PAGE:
That is what The Australian says an audit by the the US Special Inspector-General for Iraq Reconstruction of the former Coalition Provisional Authority office in Hilla, Iraq, has uncovered. The newspaper says the report details bundles of money stashed in filing cabinets, a US soldier who gambled away thousands of dollars, and stacks of newly minted notes distributed without receipts.
The findings come almost a year after Stuart Bowen, the Inspector-General, found that more than $9 billion of Iraq's oil revenues, which was disbursed in 2004 by the then US-led CPA, could not be accounted for.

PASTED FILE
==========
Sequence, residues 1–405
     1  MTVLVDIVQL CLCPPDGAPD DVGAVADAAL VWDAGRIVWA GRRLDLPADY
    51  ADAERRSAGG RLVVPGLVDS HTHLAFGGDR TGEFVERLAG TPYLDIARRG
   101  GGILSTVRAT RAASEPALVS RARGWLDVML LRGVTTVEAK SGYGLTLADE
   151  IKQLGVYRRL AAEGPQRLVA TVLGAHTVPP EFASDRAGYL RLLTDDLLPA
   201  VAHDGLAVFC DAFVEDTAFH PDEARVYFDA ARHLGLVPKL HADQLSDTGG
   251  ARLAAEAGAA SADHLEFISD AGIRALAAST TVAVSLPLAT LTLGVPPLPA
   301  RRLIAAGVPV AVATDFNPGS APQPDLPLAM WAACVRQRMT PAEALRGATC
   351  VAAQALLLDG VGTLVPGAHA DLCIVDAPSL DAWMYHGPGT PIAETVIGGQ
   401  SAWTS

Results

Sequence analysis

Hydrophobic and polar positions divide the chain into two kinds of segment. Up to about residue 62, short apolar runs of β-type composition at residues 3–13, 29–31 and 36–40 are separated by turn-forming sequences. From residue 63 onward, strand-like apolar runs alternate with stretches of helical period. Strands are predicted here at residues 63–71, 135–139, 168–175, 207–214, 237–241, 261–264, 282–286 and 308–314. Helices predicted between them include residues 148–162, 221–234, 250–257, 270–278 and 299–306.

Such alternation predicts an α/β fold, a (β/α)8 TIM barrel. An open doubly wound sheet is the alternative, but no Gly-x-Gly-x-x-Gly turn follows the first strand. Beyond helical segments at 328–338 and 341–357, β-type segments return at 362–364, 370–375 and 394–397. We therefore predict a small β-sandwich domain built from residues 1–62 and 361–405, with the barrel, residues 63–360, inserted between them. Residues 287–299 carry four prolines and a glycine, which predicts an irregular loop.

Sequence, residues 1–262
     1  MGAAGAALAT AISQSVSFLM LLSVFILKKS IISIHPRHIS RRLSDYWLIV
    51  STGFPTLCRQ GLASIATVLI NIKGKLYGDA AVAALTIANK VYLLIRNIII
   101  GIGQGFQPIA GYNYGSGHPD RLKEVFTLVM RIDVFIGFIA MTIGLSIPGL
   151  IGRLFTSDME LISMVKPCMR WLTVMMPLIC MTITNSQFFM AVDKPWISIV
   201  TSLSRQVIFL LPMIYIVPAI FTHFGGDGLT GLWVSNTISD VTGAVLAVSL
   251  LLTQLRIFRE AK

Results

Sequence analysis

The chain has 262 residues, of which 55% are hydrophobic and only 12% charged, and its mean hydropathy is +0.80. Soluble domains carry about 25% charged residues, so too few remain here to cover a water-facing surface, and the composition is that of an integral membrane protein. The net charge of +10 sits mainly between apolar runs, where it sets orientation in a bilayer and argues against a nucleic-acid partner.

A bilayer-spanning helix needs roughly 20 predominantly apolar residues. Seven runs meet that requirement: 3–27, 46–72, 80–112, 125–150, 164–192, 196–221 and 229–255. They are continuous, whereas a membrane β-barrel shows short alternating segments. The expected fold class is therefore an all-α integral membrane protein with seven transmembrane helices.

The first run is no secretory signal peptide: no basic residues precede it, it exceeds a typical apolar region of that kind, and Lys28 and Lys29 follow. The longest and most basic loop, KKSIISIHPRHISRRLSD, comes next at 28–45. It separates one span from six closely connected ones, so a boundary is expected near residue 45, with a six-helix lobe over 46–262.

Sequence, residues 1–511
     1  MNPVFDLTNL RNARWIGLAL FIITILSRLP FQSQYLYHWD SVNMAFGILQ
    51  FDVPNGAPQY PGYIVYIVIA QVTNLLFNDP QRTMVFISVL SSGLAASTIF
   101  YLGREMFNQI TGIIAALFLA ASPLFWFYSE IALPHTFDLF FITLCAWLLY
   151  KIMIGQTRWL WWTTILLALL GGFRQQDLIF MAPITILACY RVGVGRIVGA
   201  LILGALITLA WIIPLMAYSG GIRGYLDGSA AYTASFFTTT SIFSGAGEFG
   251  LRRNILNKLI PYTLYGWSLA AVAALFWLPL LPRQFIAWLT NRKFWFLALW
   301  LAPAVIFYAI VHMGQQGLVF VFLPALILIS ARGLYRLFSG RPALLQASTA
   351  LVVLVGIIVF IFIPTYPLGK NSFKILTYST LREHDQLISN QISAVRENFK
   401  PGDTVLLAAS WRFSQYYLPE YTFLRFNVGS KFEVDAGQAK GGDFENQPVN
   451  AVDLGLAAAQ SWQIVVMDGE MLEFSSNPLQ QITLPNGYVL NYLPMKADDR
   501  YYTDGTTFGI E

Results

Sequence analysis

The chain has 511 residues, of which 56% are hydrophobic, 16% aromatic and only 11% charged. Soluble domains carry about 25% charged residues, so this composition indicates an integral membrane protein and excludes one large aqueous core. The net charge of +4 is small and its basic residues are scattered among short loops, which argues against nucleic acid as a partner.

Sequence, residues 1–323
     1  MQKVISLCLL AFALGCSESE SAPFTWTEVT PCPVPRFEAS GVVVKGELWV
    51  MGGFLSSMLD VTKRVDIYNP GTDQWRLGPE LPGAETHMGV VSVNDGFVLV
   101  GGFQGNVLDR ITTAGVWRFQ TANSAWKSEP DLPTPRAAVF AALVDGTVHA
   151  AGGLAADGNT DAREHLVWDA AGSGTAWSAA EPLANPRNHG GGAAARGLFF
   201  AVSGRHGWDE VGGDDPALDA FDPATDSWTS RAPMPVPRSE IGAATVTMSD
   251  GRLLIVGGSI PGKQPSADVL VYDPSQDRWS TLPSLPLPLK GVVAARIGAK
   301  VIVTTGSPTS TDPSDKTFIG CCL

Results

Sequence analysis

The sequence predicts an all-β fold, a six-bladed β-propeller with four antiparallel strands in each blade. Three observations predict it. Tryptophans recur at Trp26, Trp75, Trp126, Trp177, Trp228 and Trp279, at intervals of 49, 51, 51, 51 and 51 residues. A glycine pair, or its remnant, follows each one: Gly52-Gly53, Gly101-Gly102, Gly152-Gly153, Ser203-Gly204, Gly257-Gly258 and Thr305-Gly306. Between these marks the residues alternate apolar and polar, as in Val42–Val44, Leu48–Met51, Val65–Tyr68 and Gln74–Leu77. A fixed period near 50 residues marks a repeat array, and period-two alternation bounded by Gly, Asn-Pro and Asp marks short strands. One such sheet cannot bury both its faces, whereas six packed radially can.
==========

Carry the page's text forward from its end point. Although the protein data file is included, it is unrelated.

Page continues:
The audit, released on Wednesday ... describes a country in the months after the overthrow of Saddam Hussein awash with US dollars and a "wild west" atmosphere where even multi-million-dollar contracts were paid for in cash ...The New York Times reports that the new audit found problems "in an area that includes half the land mass in Iraq, with new findings in the southern and central provinces of Anbar, Karbala, Najaf, Wasit, Babil, and Qadisiya." Read On
The huge sums in cash were paid out with little or no supervision and often without any paperwork, the reconstruction spending audit found. The report found problems with almost 2000 contracts worth $US88.1 million.